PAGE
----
I get it, just reading the title of this blog made your head itch, but I’m here to tell you the reality of the situation; lice happens, and it's not the end of the world. The best thing you can do is educate yourself about it to help prevent, spot and treat it. Hopefully this blog will do just that, along with making you laugh, because why would I even write a blog if it wasn't full of hilarious zingers? 

Lice (Head louse) is a wingless parasitic bug that lives on the head of humans and feeds off of the blood from the scalp. It will generally be found in warmer areas of the head with lots of hair (behind the ears, back of the neck) and close to the scalp. Lice comes in two forms, nits and nymphs.  Nits (the eggs) are laid on the hair shaft of hair, and are basically super glued to to the hair. They are clear/white/yellowish, smaller than a sesame seed and are often mistaken for dandruff as they look a lot alike.  When looking for lice, always keep your eyes open for nits, these pesky lil guys are the number one reason it comes back, if you miss just one, bam, you're back to square one.  The second form of lice is the hatched bug itself, also known as nymphs, although it sounds sexy, they're not, as they are bugs, and bugs are notoriously not sexy. Nymphs are also super small, sesame seed small and can be either clear, grey, tan or brown depending on when they last fed on some human blood. When not draining your life force, lice can only survive off of the human body for up to 48 hours as they no longer have blood to drink. That's right, they need human blood to survive, so without a human to freeload off of, they die (kind of like my ex, Hey yo!). Oh, and when they feed on your scalp, they bite the skin which often causes itching, making common sign of lice an itchy scalp/a furiously head scratching child. 

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There are a few things you should know about lice to help stop the pandemonium and common misconceptions.
-First off, lice does not discriminate, it's an "equal opportunity" parasite (the liberal hippy of bugs), it does not choose "unclean" or unhygienic people, it just chooses whoever is close, regardless of washing routines.
-Lice only affects humans, this means you can't give it to your dog, cat, grizzly bear, snake or whatever other household pets you may have roaming around.  
-They can't jump, fly, bungee, or catapult off of hair, they can only crawl. This is why children get it more often than adults, as kids are weird and tend to rub their heads together, where as adults tend to hate affection and head butting.

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Generally kids are the number one target for lice. If your kid gets lice, it’s not because you’re a bad parent, it’s because they’re a kid that attends a school/daycare/birthday parties with other kids and/or has friends. Basically, your kid got lice because they’re popular. So maybe if you were a bad parent, taught your kid to be anti-social, locked them in the basement and never let them leave, this wouldn’t have happened, but you’d also be raising a serial killer. It’s your choice, either raise the next Ted Bundy or accept that your kid may get lice and it's not the end of the world.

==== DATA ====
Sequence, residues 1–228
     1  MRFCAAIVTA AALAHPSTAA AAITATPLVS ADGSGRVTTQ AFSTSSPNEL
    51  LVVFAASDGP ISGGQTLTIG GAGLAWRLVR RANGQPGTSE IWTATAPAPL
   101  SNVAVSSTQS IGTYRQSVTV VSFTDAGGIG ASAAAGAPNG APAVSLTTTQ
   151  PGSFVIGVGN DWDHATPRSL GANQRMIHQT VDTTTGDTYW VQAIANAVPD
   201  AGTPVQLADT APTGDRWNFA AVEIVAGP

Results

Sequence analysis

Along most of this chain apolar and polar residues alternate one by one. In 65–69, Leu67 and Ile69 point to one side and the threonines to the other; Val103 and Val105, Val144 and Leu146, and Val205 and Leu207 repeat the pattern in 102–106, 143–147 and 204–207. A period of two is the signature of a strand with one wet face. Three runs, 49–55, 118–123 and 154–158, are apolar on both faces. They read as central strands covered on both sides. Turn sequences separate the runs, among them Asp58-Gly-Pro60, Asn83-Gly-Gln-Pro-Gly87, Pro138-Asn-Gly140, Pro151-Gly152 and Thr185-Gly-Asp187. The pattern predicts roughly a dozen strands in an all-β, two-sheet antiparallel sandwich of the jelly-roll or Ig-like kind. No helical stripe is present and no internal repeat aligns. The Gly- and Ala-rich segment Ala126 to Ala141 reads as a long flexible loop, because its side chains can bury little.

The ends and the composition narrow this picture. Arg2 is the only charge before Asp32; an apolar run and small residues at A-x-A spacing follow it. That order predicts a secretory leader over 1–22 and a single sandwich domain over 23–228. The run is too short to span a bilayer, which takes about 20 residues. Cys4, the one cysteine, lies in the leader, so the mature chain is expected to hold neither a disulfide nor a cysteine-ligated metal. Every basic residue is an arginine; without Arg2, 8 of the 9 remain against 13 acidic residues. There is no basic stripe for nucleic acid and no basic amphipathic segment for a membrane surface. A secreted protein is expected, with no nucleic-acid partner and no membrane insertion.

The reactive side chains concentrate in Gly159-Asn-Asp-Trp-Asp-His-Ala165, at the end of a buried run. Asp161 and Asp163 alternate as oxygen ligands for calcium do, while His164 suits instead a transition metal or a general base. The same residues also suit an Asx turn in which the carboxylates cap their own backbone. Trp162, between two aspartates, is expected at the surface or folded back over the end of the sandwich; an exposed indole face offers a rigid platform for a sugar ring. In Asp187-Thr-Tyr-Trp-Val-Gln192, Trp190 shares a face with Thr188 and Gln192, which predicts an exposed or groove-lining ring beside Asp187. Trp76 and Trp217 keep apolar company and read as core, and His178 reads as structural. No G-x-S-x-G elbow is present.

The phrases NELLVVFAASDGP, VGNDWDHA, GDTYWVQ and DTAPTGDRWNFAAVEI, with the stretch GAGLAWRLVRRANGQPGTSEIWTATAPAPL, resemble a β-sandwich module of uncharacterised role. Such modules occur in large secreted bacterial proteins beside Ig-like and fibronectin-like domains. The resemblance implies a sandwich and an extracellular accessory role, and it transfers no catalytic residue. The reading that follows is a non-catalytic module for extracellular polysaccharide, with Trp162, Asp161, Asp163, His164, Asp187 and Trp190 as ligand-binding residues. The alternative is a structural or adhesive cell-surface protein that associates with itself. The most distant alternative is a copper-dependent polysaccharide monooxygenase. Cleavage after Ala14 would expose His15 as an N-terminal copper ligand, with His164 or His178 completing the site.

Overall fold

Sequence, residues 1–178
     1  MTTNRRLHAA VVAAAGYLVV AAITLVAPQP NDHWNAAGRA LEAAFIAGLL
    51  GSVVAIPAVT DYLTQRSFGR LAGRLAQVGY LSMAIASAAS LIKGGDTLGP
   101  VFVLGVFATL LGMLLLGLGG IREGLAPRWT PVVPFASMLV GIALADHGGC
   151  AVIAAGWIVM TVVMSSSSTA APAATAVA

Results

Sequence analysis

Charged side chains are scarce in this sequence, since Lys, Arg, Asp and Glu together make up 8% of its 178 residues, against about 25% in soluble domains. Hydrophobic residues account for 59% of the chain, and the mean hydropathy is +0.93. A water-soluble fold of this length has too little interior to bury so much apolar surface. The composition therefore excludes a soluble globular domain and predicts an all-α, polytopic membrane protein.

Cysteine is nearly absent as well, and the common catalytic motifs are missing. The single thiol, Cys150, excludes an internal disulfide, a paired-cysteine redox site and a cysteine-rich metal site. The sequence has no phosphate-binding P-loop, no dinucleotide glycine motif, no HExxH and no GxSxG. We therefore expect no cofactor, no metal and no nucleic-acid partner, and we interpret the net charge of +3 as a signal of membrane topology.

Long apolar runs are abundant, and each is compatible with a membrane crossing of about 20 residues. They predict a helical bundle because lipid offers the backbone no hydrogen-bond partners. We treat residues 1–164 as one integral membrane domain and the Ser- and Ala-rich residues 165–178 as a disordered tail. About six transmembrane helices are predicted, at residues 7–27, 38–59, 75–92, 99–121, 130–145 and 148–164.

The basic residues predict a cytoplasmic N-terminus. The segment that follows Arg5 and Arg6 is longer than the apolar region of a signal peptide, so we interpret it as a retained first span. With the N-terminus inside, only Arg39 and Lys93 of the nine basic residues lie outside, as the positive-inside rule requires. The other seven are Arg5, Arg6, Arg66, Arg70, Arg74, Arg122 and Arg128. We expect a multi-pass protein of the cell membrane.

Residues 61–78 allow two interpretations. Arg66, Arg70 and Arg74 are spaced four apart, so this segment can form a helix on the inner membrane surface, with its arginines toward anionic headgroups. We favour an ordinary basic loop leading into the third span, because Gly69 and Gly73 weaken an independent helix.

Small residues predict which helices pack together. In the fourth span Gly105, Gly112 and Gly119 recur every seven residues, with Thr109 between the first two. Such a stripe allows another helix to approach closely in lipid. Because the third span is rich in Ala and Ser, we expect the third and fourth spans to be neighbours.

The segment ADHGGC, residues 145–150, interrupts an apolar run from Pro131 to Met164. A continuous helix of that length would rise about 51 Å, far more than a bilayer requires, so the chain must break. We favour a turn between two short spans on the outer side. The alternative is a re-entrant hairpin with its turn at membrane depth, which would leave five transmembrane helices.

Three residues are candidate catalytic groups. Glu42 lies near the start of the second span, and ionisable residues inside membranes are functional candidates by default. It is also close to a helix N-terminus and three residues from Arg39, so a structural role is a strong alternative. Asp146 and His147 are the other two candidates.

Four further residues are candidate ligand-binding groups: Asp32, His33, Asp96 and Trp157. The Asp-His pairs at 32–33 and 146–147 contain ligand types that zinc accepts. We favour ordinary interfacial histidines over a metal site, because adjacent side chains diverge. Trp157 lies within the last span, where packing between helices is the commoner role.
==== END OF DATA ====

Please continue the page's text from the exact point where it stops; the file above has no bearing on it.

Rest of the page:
Saying the word "lice" out loud in a salon is a huge taboo. It’s thought to cause widespread panic and destroy a salon’s reputation. A salons main business is hair, so what should be a surprise to almost no one, is that salons will sometimes have clients come in with lice. Every stylist is thoroughly trained how to spot lice from a mile away.  As soon as the stylist spots lice, the service ends/does not begin. After the client is discretely informed they have lice (and not shamed for it) a massive disinfection process takes place. This takes about an hour of hard scrubbing, disinfecting and gathering anything within a mile radius that could have been in contact with the affected hair and sealing it away.  Granted it’s probably overkill but this way we can guarantee that no one else in the shop will get lice. Although lice happens, we don’t often have to deal with it in the salon, so it’s not as if this is a daily ordeal. You don’t have to be concerned about it. 

Treating head lice properly is the key to making sure it never returns. For now, i'll just go through the basics, if you want more in depth information, scroll to the bottom for some handy dandy links. Basically, here's the routine; get a lice treatment kit from your local pharmacy (or do the natural root, you do you), get a lice comb, and nit pick the affected hair. However, It doesn't stop at treating the hair, you need to clean household items that may have come into contact with the hair, but because lice can't jump or fly, you don't need to burn your house down, you only need to disinfect anything that comes in direct contact with the hair, such as bedding, hats, scarves and towels. Be meticulous with these two steps, check daily for lice, clean bedding daily, and keep up this routine for about 14 days after the initial infection. Lastly, tell anyone that has been in contact with the affected head of lice so that they can check and prevent further spreading of it. If the idea of touching lice or having to deal with the removal of it terrifies you, you can always call the amazing lice squad, they will come right to your house and help you out. They’re like the ghostbusters, but for lice. 

And now you know, lice happens, it’s not the end of the world, just make sure you take the proper steps to get rid of it and keep it gone for good. The end.

Here are those handy dandy links I promised you on how to treat lice.
https://www.treat-lice.com/
https://www.cdc.gov/parasites/lice/head/treatment.html

 

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